5. Yea problem there was the Foxbat couldn't sustain those speed for any length of time. Basically it could go really fast in short burst of speed to outrun an air to air short range missile but by the time they could vector it on onto an SR71 it would never catch up. Thing with ground based radar guided missiles was about the same. By the time they could get a lock it would be out of range. SAMS back then were not really long ranged weapons that could reach out 400-500 miles. Rick
  6. But it is a free market. The difference is if I make something I demand a certain price. Farmers take whatever someone is willing to pay. Try walking into the CaseIH dealer and offering him 20 bucks for a new combine. I'm not saying the system is fair all the time. But it is a free market system. I know dairy guys are hurting. You tell me a fix that doesn't smack of socialism and I'll be with you 100%. Rick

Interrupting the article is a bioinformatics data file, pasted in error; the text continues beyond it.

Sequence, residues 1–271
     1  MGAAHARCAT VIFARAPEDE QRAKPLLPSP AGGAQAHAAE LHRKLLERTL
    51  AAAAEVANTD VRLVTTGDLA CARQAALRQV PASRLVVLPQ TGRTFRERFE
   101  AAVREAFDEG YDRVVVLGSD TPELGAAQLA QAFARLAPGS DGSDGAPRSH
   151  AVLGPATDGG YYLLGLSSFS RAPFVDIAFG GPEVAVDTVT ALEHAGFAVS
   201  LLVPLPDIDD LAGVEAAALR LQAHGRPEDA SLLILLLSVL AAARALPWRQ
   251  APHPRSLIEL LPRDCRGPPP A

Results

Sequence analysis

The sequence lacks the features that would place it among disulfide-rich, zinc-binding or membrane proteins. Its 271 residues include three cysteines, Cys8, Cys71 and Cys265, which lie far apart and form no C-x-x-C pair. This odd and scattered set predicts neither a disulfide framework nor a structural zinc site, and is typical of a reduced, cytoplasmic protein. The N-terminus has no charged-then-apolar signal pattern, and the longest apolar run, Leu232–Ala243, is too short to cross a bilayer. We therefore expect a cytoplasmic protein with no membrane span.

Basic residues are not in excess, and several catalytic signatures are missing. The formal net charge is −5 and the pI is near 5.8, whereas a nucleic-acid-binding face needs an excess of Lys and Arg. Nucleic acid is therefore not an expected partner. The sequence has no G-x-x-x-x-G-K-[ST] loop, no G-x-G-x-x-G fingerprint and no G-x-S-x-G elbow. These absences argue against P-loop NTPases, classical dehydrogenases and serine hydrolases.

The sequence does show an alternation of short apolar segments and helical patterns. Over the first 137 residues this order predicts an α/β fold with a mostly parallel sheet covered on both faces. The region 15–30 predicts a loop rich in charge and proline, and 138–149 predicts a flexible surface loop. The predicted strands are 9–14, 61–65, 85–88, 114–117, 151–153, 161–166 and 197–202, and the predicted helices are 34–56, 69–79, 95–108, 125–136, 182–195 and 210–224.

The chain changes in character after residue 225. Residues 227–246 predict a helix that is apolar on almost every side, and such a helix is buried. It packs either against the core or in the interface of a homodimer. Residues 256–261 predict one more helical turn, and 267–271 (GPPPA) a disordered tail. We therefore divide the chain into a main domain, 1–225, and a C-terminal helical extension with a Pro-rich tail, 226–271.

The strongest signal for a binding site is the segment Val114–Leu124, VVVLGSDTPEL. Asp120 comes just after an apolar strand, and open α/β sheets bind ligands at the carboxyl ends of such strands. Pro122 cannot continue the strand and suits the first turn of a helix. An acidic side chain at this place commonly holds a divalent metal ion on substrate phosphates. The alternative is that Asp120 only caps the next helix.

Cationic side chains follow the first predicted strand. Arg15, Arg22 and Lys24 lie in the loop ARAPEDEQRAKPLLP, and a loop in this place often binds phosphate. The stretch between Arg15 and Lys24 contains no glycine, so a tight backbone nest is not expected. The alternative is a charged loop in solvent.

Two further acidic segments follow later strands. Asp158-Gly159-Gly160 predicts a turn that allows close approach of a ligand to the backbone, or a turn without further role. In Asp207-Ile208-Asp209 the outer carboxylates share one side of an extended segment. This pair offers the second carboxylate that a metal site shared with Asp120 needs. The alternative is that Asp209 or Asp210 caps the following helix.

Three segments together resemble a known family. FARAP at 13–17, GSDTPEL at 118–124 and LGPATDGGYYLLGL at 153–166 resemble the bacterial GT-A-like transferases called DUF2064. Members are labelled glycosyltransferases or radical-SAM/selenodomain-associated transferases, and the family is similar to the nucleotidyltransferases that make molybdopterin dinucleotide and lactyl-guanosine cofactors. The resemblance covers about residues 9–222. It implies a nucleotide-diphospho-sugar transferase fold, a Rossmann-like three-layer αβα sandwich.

7. Grand kids were here this morning and when they delivered the first load of building materials I saw this. Rick
  8. Troy I can't find it right now but I read a piece about 6 months or so ago that said that over the last 30-40 years per person milk consumption is down. They claimed that way back then the average American consumed X amount of milk a week and that the numbers were down today mostly because of other alternatives and the alleged health bennies of not consuming dairy products. If you are using data that doesn't cover as much or a time spread you may be 100% correct. Really doesn't matter. The price reflects demand and production. That's not saying that the average dairy farmer isn't getting paid enough. Just that with the way the system is set up the amount they pay per 100 is based on demand. Rick